SANTA FE – Even as Los Alamos National Laboratory is under orders to ramp up production of plutonium nuclear weapons triggers – a key part of a huge plan to modernize the nation’s weapons stockpile – testimony before a national oversight board here last week indicates there’s a possibility that the work and its billions in federal dollars could be moved elsewhere.
Members of the Defense Nuclear Facilities Safety Board were told that an analysis is underway to consider all options for meeting the national weapons complex’s mission to manage plutonium work and produce products like the “pits” that set off nuclear bombs.
James McConnell, the National Nuclear Security Administration’s associate administrator for safety, infrastructure and operations, said meeting those goals could be satisfied using existing or new facilities in Los Alamos – or by adding capabilities at “other sites where plutonium is already present or has been used.”
McConnell said the pros and cons of all options will be considered in a study that should be completed over the next several months. At that point, he said, NNSA officials should know, for instance, whether the existing plutonium facility at Los Alamos known as PF-4 remains part of the agency’s strategy “in such a way that we need to then schedule an upgrade at PF-4,” which was built in the 1970s.
Los Alamos currently is the only site meeting security and hazardous materials protocols to make pits.
McConnell’s comments – possibly the first time that the option of moving plutonium operations away from LANL has been broached publicly by federal officials – came in the context of 4½ hours of discussion of risks and safety issues at PF-4 or, as the safety board’s agenda for Wednesday’s meeting put it, “the adequacy and status of safety systems to support current and long-term operations.”
McConnell said potential PF-4 upgrades, such as a $200 million to $400 million ventilation system intended to help contain a major fire, would be decided after the ongoing analysis is completed. “There are a lot of different alternatives,” he said.
The Department of Defense and Congress have ordered production of as many as 50 to 80 “pits” – the grapefruit-sized plutonium cores of nuclear weapons – annually by 2030.
But ramping up pit production is a huge undertaking. The United States, after mass producing pits during the Cold War at the defunct Rocky Flats Plant in Colorado, hasn’t made any new ones since 2011, when LANL completed the last of 29 plutonium cores for Navy submarine missiles. The most ever made at Los Alamos in a year is 11.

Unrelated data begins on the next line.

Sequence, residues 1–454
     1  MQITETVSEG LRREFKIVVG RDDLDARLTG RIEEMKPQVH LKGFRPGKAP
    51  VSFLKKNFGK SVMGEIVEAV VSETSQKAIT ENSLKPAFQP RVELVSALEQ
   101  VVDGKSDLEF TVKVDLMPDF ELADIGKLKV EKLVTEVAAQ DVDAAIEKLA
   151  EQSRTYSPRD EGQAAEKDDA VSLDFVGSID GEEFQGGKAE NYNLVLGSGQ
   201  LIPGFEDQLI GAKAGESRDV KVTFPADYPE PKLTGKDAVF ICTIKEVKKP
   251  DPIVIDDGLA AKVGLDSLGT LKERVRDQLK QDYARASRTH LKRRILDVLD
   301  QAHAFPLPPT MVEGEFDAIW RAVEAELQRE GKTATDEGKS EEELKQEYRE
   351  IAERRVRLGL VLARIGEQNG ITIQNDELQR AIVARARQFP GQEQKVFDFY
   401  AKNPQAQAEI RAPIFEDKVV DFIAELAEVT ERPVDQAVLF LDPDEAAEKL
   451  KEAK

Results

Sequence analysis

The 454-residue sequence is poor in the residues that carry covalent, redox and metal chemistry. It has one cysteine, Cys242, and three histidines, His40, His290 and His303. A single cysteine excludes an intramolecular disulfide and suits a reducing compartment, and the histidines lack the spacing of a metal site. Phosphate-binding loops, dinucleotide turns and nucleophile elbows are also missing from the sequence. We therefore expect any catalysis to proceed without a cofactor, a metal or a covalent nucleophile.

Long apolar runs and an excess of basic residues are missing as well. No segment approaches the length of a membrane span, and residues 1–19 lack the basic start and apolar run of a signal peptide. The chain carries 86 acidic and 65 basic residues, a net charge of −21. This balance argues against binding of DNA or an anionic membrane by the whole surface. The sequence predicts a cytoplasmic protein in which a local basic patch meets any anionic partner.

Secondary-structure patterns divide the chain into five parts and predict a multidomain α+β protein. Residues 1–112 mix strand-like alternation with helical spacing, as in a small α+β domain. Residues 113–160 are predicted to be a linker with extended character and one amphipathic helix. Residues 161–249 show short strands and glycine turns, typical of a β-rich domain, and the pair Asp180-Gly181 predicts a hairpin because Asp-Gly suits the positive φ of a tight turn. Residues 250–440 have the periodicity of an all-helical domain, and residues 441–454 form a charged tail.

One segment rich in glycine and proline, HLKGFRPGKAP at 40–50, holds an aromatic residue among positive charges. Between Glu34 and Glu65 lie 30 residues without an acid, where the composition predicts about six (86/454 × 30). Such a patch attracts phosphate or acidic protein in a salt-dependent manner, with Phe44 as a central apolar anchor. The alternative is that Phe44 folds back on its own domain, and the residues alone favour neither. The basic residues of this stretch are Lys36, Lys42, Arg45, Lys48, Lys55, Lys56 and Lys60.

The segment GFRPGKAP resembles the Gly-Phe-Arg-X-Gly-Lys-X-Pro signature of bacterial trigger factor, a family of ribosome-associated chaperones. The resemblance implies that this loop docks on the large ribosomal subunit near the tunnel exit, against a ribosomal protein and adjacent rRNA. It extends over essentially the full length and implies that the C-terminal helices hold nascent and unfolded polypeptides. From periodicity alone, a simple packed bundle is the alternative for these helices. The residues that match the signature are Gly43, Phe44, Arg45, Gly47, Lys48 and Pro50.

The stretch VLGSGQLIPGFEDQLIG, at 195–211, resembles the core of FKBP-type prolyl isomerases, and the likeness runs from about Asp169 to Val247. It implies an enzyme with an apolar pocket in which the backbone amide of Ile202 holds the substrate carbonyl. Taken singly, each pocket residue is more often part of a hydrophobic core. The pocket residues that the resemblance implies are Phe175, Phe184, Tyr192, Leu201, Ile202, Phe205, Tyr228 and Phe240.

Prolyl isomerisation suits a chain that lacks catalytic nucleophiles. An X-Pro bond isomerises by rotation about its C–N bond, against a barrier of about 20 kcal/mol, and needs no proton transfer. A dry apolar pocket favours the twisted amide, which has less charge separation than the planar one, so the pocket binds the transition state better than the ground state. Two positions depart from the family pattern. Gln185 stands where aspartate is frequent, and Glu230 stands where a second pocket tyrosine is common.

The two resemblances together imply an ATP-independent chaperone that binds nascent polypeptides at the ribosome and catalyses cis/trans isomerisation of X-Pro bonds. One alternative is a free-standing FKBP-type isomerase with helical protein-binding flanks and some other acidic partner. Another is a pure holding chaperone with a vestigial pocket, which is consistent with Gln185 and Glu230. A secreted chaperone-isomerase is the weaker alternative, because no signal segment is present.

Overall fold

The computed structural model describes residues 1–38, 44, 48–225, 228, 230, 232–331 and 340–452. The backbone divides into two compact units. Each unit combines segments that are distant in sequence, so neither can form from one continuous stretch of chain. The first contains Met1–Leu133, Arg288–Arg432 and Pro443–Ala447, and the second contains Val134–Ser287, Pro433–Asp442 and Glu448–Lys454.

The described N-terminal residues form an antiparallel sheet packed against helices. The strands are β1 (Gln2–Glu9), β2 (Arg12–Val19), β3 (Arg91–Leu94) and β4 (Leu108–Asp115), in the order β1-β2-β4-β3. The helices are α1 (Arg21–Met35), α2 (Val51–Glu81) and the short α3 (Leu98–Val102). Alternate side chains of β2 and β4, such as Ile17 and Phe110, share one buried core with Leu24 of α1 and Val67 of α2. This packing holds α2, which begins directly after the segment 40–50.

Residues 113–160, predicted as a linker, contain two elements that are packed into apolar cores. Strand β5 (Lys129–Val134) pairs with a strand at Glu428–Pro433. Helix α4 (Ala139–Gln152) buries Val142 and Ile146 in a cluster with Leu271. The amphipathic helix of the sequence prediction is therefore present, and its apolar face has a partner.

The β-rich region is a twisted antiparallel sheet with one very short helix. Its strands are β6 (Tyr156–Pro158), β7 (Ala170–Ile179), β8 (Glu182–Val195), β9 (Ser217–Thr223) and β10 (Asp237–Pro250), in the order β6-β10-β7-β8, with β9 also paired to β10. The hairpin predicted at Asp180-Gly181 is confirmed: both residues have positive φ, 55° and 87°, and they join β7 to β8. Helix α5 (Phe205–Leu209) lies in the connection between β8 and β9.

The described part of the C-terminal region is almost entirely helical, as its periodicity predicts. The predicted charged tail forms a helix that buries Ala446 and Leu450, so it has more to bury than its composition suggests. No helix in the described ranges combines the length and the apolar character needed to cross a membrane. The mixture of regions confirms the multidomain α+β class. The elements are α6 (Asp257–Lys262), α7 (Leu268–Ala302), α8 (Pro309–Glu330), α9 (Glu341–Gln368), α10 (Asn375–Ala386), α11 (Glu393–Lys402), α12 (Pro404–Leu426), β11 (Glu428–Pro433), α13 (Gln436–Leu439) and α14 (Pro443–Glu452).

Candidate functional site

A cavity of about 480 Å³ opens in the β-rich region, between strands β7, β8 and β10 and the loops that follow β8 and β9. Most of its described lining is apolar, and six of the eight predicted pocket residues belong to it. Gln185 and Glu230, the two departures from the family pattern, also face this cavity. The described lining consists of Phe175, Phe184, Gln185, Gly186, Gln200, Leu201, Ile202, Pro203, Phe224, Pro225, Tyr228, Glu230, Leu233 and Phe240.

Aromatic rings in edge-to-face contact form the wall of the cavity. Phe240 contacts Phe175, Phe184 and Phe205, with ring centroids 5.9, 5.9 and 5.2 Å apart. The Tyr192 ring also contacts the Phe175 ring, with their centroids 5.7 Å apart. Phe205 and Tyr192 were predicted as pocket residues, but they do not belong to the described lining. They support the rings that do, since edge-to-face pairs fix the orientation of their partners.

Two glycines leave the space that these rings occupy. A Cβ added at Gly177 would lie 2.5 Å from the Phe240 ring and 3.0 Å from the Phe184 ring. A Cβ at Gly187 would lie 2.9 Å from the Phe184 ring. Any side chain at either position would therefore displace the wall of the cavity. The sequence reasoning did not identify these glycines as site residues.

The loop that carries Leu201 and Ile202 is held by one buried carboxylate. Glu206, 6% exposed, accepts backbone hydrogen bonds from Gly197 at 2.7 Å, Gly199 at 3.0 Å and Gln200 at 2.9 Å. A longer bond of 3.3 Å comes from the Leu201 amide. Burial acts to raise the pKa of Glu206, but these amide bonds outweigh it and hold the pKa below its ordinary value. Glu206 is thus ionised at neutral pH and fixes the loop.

For the moment, the lab can’t resume pit production until safety issues are addressed.
McConnell said the NNSA is being required to reach a pit production level that the country hasn’t faced for a long time and there’s “a learning curve we’re all going through.”
As noted at Wednesday’s meeting, LANL in 2016 was the only one of the Department of Energy’s nuclear facilities to receive a failing “red” safety rating in the area of “criticality,” or prevention of nuclear chain reactions that could lead to radiation releases.
McConnell said LANL is making a lot of progress in this area, but the situation is “not where we need to be.” One problem, officials said, is a dearth of people who can do criticality work. Hiring new experts amounts to “cannibalizing” personnel from the country’s other nuclear weapons sites, said Kimberly Davis Lebak, manager of the NNSA’s Los Alamos Field Office.
“There is no criterion that outweighs safety,” McConnell said.
Much of the Wednesday meeting at the Santa Fe Community Convention Center was about potential doomsday scenarios for the Los Alamos lab. It sits on an earthquake fault that studies have shown has a probability of a major earthquake once every 10,000 years. In the worst case, a devastating quake would be followed by a fire. Officials said at the meeting they believe that safety measures now in place are adequate to contain such a disaster without a major radiological release.
Some of the safety issues include long-standing safety deficiencies that haven’t been corrected, finding replacement parts for some of PF-4 systems that date from the 1970s, the reliability of back-up and redundant power and fire-fighting water supplies and the overall reduction of “material at risk,” or MAR, at PF-4.
Such material has been reduced by 60 percent since 2009, the board was told, but a significant amount of the remaining MAR has “no defined use” or faces obstacles to disposition
Critics of the lab contend there is no need to make new pits for nuclear weapons and say that parts of the military don’t even want the planned new weapons that new pit production would serve.